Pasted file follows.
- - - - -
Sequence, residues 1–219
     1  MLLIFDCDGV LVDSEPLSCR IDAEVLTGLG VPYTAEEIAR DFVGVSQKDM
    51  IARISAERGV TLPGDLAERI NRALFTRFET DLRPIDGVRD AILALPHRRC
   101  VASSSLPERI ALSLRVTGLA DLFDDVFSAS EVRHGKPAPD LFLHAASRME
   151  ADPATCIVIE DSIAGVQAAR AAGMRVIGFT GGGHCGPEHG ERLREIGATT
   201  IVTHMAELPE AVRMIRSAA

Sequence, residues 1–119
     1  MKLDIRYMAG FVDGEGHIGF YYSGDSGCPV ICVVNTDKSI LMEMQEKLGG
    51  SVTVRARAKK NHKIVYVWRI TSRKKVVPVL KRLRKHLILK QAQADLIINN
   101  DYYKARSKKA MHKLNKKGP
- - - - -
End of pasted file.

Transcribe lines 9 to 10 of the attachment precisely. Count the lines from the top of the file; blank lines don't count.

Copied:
    51  SVTVRARAKK NHKIVYVWRI TSRKKVVPVL KRLRKHLILK QAQADLIINN
   101  DYYKARSKKA MHKLNKKGP